When a plane out of ORT International lands in Durban according to plan, is that a story? What if just one of the many planes crashes on the Drakensberg, killing people? Is reporting on it a suggestion that you are negative because all along you never reported that planes were running according to plan?

Do many of the politicians and, apparently, doctors not understand this simple logic? Or is it logic?

When journalists uncover corruption and fight it by exposing the corrupt, is this negative for the country? When you expose the fact that public funds that should be helping us fight poverty and underdevelopment are spent on one person’s house, is that negative?

This week, we published a story about Mohamed Mosala, the son of an unemployed mother and a car guard father. All he needed was R3 500 for registration at varsity, but readers of The Star made it possible for him to raise close on R30 000, covering expenses for his entire first year.

In the same edition, we wrote about the Gauteng Department of Education’s plans to build 27 new schools in the next few years. As many people from other provinces or abroad rush to settle in Africa’s economic hub, what is the impact on schooling, and how is the government responding? Hardly the stuff that would make MECs run for cover.

The point is, we do our best to get the mix right. Yet, even with these efforts, the accusations remain that journalists never write anything positive. The truth is that positive stories are hard to remember.

Take John Robberts. How many remember his heroic feat? What about Wendy Sibeko? What am I talking about? That’s exactly my point. Almost all newspapers publish stories that are positive about our country, but only a few – often those impacted by these reports – take note.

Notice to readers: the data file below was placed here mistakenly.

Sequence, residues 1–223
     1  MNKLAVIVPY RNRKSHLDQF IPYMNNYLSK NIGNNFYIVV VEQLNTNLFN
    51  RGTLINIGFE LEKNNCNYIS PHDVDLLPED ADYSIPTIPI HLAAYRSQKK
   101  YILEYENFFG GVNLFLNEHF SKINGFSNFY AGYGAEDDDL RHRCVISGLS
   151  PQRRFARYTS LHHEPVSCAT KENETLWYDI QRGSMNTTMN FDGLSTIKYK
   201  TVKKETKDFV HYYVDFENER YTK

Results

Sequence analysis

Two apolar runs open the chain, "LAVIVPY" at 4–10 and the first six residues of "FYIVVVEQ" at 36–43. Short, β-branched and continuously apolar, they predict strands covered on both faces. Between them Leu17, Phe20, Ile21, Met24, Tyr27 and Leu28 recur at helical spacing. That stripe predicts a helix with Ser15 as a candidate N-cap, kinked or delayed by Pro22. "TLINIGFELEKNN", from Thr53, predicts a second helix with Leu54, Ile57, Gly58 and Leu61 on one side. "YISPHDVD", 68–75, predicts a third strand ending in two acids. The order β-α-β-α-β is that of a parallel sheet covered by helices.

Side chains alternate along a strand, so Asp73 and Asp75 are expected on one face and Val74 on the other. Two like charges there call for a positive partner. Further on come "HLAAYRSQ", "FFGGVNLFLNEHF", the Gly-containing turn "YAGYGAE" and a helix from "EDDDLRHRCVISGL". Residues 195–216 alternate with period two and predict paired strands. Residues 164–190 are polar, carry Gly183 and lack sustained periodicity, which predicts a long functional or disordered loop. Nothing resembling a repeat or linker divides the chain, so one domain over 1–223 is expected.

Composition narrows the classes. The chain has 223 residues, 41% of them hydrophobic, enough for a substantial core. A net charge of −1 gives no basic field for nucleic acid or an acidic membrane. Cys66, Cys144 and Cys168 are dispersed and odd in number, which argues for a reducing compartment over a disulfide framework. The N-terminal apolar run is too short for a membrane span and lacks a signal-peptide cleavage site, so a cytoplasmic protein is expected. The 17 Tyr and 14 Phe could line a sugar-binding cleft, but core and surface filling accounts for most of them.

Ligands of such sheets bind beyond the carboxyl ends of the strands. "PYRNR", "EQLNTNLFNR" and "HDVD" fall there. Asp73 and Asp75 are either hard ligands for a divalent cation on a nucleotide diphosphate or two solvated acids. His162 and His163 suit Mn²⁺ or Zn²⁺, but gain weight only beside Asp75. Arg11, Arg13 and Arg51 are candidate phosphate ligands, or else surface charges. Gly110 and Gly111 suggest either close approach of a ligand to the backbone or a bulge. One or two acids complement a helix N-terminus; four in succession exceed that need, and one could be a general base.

Meanwhile, if I merely mention R206 million, many would realise that I am not over why poor Minister Thulas Nxesi, in a state of increased sobriety, can try to justify this waste of taxpayers’ money.

If I mention an artwork bought at a McDonald’s outlet, many would know I am talking about that loser Humphrey Mmemezi, a liar and spendthrift caught out by our journalist Baldwin Ndaba abusing a government-issued credit card.

In the end, I left the doctor’s rooms thinking that journalists and the media are perhaps bad communicators. We do a lot of good, but we never talk about it.

In the same way that great scholars let their work speak for them and have no time to self-praise, editors too are uncomfortable talking about the good work their organisations do. Except, of course, if you are Jimmy Manyi, the former editor of Vukuzenzele.

We are self-effacing. We shun self-congratulatory notes.

The ANC starts a debate about a media tribunal, and our voices are not heard in our own papers. We seek communications “experts” to tell us what we know.

Some hardly move an inch to check how they could help the SA National Editors’ Forum.

We are so reticent, we are invisible and unhearable, if you will. It’s tragic.

But here are two great minds you will enjoy from now on. Janet Smith, an executive editor on The Star, wrote her maiden column on Wednesday. She is a great, delightful, insightful wordsmith. Look out for her every Wednesday.

Eusebius McKaiser, that intellectual tower who writes as well as he speaks, will also write a column for us every Monday. Enjoy him.

The Star